Adriana Miramontes Olivas is a PhD candidate in the History of Art and Architecture. Her research interests include global contemporary art, Latin American art, Latinx art, and more specifically, modern and contemporary art from Mexico. She focuses on art of the border of Ciudad Juárez-El Paso, feminicide, and narcoviolence in site-specific interventions, installation, performance, and video art. Her dissertation “Los Neoliberarchivos: Contemporary Art at the Mexico-U.S. Border” examines how contemporary artistic practices disrupt political, economic, and cultural hegemonic narratives that negate or dismiss a state of criminality in which both female and male bodies are (mis)used, disposed of, and rendered ungrievable by a variety of institutions, the state, and a criminal class.
Miramontes has taught art history in both Mexico and the United States at The University of Texas at San Antonio, the University of the Incarnate Word, the Instituto Tecnológico de Estudios Superiores de Monterrey ITESM Campus Ciudad Juárez, Chihuahua, México and more recently at the University of Pittsburgh.
The courses she has taught include: Survey of Art and Architecture: Prehistory to 1350, Survey of Art and Architecture in Europe from 1350–1750, Survey of Modern Art, Contemporary Art, Topics in Contemporary Art, and Introduction to World Art.
Miramontes has also worked as curatorial intern and research assistant at the Art Gallery at the University of Texas at San Antonio, at the Stanlee and Gerald Rubin Center for the Visual Arts, at the El Paso Museum of Art, and at the University Art Gallery at Pitt.
PhD, University of Pittsburgh, PA (2016–Present)
MA, The University of Texas at San Antonio, TX (2012)
BA, The University of Texas at El Paso, TX (2008)
Peer Reviewed Publications
how the light gets in at the Herbert F. Johnson Museum of Art, Cornell University. September 7–December 8, 2019. Exhibition Review. Contemporaneity: Historical Presence in Visual Culture 9, Moving Across, Through Cultures (Spring 2021): 82–94.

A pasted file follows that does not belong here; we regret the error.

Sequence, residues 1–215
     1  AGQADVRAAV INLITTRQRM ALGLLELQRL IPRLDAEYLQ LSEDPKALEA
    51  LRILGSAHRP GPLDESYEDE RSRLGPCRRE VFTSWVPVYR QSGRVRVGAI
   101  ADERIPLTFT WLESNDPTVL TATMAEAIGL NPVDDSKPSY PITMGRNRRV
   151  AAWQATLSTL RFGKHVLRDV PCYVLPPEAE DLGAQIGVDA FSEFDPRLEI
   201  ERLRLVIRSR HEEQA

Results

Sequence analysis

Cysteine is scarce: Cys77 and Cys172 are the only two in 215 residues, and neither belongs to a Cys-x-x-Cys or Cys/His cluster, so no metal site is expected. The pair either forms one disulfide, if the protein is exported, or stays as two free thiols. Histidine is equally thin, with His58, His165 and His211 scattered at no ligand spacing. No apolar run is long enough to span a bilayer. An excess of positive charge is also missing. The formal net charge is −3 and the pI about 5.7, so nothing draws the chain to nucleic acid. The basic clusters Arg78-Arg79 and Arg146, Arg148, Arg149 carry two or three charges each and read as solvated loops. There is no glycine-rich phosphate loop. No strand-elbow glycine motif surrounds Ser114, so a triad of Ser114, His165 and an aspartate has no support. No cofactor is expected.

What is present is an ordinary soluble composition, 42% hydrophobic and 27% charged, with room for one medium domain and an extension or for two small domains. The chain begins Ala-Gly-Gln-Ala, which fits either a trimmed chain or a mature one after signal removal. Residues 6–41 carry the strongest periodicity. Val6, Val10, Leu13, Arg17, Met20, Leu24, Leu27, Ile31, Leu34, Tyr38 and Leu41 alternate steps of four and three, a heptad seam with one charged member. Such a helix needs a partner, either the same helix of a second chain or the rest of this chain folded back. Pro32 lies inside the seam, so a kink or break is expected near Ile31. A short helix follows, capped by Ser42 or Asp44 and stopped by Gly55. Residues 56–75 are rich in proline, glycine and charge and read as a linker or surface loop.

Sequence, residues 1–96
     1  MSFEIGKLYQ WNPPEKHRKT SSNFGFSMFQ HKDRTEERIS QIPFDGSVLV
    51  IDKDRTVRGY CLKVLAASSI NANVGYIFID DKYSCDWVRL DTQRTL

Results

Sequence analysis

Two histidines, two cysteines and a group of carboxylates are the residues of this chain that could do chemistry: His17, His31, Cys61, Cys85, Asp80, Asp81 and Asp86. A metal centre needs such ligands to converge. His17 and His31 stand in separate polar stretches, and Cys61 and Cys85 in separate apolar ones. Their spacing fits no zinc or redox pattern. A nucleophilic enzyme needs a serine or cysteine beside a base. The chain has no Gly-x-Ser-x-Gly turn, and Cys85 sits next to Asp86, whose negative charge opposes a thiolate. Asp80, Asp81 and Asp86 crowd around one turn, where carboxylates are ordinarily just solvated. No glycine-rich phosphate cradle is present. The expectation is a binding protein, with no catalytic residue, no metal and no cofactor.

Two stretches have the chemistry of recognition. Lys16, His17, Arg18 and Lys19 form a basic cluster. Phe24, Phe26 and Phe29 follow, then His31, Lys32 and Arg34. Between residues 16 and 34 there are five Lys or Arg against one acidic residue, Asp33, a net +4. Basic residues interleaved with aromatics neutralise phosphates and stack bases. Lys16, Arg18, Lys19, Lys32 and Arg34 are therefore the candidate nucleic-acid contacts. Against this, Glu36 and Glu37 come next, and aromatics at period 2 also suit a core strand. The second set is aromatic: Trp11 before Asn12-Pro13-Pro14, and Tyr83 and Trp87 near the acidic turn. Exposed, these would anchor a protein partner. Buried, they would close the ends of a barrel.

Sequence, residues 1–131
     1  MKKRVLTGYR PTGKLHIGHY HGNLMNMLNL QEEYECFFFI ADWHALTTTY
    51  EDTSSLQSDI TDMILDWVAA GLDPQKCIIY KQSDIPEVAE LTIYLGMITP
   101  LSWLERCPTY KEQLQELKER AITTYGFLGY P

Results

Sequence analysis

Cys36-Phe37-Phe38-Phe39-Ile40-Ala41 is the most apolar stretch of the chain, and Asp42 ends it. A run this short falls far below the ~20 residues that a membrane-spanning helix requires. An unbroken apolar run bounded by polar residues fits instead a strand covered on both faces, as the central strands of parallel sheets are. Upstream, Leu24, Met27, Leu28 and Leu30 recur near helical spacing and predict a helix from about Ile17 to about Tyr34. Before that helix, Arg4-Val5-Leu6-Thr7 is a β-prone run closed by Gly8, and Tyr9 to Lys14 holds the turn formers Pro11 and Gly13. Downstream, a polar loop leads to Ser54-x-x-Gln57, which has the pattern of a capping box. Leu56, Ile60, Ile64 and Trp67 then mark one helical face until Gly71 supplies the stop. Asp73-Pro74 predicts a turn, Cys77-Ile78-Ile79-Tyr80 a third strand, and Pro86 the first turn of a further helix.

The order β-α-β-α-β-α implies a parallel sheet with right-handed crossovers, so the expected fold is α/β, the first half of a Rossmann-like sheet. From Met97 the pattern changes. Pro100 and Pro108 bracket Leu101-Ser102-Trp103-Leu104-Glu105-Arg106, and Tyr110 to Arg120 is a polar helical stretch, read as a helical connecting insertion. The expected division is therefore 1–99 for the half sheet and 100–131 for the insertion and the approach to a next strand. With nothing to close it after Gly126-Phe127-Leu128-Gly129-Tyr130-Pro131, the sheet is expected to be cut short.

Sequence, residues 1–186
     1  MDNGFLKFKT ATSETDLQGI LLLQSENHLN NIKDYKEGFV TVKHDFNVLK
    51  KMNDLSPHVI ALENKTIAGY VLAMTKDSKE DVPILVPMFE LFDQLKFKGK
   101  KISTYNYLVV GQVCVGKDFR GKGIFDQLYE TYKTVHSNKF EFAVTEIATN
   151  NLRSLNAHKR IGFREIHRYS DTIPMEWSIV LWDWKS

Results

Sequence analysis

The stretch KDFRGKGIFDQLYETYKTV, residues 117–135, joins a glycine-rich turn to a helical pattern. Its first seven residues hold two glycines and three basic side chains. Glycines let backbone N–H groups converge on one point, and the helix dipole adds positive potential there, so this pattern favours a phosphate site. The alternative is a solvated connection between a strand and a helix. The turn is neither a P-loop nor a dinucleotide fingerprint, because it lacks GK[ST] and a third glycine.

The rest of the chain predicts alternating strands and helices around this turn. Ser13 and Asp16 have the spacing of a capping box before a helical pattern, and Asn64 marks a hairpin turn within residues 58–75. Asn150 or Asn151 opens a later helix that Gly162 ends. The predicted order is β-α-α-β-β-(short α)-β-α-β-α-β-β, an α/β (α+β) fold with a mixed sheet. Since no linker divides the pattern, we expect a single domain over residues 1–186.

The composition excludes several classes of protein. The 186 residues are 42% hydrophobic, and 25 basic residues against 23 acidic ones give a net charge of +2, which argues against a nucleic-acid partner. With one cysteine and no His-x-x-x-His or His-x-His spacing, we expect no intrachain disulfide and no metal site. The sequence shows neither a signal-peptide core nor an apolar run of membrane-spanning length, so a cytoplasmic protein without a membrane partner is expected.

From Axayácatl to El Chapo: Rethinking Migration and Mexico’s War on Drugs in Gabriel Garcilazo’s Dystopic Magical Codex, interview by Adriana Miramontes Olivas, 20 March 2019.
“Éxodo a la ‘tierra prometida:’ Del demonio y otros monstruos en la obra de Juan de Dios Mora.” “Exodus to the ‘Promised Land:’ Of the devil and other monsters in Juan de Dios Mora’s artworks.” Interview by Adriana Miramontes Olivas. Edited by Paulina Pardo. Translated by Paulina Pardo and Adriana Miramontes Olivas. Contemporaneity: Historical Presence in Visual Culture 6: Boundless: Art & Identification Across Borders (Fall 2017): 1–16.
Selected Conferences and Presentations
“Del femi-juvenicidio al neoliberarchivo: Art, Archives, and the Pursuit of Human Rights.” In Crimes Against Humanity in Latin America: Mexico, Center for Latin American Studies, University Center for International Studies, University of Pittsburgh, March 8, 2021.
“Teresa Margolles’s Neoliberarchivo: Contemporary Art from the Mexico–U.S. Border.” In Preserving the Ephemeral: Performance and the Archive in Latin America, Virtual Conference SECAC 4 December 2020.
“Los Neoliberarchivos: The Body in Contemporary Art from the Mexico–U.S. Border.” Dissertation workshop “Living Histories of Art from Latin America: A Workshop with Gerardo Mosquera.” Department of Art History and Archaeology, University of Maryland, College Park, Maryland March 5–6, 2020.
Arts & Sciences Graduate Fellow in the History of Art and Architecture Department
Department of History of Art and Architecture, University of Pittsburgh
Pre-Dissertation Tinker Summer Fellowship, CLAS Center for Latin American Studies, University of Pittsburgh (2017).
Alfredo D. and Luz Maria P. Gutierrez Fellowship, University of Pittsburgh (2016–2017).